To find middleboxes to study, we used the public data released from CensoredPlanet’s Quack tool. Quack is a scanner that finds IP addresses with a censoring middlebox on their path. We used this data to identify 184 sample middleboxes located around the world that performed HTTP censorship by injecting block pages.
Geneva (Genetic Evasion) is a genetic algorithm we designed to automatically discover new ways to evade censorship, but at its core, Geneva is a packet-level network fuzzer. We modified Geneva’s fitness function to reward it for making the elicited response as large as possible, and then trained Geneva against all 184 middleboxes.
We found five packet sequences that elicited amplified responses from middleboxes. Each of these contains a well-formed HTTP GET request for some domain that was forbidden by the middlebox:
- SYN packet (with forbidden request)
- PSH packet
- PSH+ACK packet
- SYN packet, followed by a PSH packet containing the forbidden request
- SYN packet, followed by a PSH+ACK packet containing the forbidden request
We also found another five modifications that increased amplification further for a small fraction of middleboxes; an attacker could use these to specific middleboxes. See our paper for more details on these modifications.
To elicit a response from these middleboxes, we needed a domain that was censored or forbidden by each middlebox, but most censoring middleboxes use different blocklists, making it difficult to find one domain that will elicit block pages from everyone. We analysed the Quack dataset to find the five domains that elicited responses from the most middleboxes, which coincidentally spanned five different areas:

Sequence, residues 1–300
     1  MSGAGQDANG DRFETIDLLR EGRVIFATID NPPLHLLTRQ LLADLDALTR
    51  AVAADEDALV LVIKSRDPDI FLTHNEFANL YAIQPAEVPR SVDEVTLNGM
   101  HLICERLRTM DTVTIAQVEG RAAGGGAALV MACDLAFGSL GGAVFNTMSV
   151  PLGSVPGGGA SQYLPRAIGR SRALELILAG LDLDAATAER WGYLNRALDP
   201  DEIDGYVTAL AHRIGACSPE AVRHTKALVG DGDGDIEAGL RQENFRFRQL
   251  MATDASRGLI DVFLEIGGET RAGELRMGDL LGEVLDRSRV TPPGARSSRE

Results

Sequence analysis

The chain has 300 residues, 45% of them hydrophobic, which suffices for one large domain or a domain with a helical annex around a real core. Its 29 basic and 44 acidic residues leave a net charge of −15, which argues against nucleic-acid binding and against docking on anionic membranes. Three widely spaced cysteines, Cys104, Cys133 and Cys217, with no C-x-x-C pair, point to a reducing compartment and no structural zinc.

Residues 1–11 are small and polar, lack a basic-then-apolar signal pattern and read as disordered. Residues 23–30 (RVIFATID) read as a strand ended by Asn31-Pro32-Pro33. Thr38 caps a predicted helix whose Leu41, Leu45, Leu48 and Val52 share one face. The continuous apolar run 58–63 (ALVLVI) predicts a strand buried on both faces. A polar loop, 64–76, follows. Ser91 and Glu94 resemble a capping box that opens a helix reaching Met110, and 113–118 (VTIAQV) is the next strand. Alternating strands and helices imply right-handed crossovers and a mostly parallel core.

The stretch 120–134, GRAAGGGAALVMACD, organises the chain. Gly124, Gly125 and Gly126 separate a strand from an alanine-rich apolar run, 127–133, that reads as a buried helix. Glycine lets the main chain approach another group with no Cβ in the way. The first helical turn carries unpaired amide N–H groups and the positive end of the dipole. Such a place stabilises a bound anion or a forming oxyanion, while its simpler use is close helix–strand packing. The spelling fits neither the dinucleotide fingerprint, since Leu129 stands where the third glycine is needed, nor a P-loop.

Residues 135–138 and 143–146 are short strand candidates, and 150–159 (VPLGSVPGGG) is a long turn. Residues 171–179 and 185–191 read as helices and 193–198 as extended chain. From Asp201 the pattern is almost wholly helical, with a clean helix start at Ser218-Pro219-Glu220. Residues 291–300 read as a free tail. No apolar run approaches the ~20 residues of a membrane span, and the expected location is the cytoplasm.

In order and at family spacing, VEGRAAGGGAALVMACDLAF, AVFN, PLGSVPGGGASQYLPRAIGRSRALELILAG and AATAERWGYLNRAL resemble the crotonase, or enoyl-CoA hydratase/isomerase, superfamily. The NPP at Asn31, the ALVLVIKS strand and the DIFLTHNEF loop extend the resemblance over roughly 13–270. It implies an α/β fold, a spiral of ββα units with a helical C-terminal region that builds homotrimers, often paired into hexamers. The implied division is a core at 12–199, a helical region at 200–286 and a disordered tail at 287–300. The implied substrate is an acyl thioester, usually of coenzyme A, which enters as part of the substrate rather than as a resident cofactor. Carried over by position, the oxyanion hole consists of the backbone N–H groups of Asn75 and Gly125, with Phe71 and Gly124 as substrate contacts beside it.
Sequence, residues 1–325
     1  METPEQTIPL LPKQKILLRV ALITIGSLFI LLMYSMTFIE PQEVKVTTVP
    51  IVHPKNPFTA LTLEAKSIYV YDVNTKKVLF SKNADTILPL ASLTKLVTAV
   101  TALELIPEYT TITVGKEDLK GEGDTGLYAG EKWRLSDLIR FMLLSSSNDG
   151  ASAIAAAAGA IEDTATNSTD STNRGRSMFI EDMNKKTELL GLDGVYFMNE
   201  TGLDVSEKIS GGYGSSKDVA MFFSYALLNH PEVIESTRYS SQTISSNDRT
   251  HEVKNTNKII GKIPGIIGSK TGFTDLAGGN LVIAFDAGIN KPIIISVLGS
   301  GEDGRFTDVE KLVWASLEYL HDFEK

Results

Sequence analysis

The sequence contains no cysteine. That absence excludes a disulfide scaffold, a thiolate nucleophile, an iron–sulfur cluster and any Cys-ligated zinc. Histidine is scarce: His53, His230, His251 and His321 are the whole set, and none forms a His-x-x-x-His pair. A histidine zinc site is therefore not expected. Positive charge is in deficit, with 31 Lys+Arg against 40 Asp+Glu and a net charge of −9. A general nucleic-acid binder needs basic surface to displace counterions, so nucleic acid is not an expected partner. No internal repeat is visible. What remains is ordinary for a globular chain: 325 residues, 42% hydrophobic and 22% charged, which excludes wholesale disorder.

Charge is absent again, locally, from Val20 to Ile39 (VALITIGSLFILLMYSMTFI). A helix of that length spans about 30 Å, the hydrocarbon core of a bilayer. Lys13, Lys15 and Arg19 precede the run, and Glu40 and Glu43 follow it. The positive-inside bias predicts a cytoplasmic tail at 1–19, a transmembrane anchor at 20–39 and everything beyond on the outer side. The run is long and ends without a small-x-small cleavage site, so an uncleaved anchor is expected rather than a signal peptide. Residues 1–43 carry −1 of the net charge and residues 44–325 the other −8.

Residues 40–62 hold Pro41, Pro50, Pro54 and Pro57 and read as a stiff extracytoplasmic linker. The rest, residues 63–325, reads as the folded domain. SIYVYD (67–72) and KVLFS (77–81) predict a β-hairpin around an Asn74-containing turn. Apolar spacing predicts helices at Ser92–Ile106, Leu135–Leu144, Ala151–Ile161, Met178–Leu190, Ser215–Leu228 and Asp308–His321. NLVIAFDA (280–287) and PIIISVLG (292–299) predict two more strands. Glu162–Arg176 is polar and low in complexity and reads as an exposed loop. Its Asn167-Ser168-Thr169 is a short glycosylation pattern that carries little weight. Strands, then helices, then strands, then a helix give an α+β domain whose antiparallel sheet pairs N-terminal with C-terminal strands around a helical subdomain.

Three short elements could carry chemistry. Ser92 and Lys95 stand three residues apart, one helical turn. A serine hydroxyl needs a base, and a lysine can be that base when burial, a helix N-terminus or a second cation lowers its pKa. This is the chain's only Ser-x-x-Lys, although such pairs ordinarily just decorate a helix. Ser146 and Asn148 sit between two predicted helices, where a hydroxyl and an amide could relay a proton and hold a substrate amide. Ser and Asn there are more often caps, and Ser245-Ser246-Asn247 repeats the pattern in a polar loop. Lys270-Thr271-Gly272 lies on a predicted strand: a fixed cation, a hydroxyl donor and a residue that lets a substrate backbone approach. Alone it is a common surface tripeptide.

- www.youporn.com (pornography)
- www.roxypalace.com (gambling)
- plus.google.com (social media)
- www.bittorrent.com (file sharing)
- www.survive.org.uk (sexual health/education)
We also used example.com and no domain at all as control experiments.
We scanned the entire IPv4 Internet to measure how many IP addresses permit reflected amplification. To do this, we modified the zmap scanner to construct all five packet sequences identified by Geneva.
We scanned the entire IPv4 Internet a total of 35 times (five packet sequences × seven test domains). We measured the responses we got back to calculate the amplification factor we got from each IP address.
Our version of zmap is open-source and available.
What we found
Recall that we were searching for weaknesses in the TCP implementation in middleboxes, not in the TCP protocol itself. In addition, each middlebox has its own injection policies and block pages. This means that there is no one single amplification factor for this attack since each middlebox we triggered would be different!
Instead, we can look at the distribution of the response sizes to see the amount of amplification available to attackers.
In Figure 2, you can see a huge range in amplification factors — from over 100,000,000 to less than 1.
Next, we examined the IP addresses at the head of Figure 2, where we saw amplification factors between 1,000,000 and 100,000,000. These IP addresses are our mega-amplifiers, offering tremendous amplification factors. In fact, these amplification factors are likely an under-estimate; these numbers are from where our scan stopped collecting data, not when the IP addresses stopped sending us data. What’s going on here?